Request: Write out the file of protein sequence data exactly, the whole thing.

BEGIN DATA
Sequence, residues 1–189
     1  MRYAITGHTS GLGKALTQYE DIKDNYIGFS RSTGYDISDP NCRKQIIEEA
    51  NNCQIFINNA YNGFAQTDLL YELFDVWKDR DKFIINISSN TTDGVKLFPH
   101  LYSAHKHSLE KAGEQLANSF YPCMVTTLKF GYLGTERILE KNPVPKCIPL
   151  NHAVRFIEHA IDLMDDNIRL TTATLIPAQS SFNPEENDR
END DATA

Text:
Sequence, residues 1–189
     1  MRYAITGHTS GLGKALTQYE DIKDNYIGFS RSTGYDISDP NCRKQIIEEA
    51  NNCQIFINNA YNGFAQTDLL YELFDVWKDR DKFIINISSN TTDGVKLFPH
   101  LYSAHKHSLE KAGEQLANSF YPCMVTTLKF GYLGTERILE KNPVPKCIPL
   151  NHAVRFIEHA IDLMDDNIRL TTATLIPAQS SFNPEENDR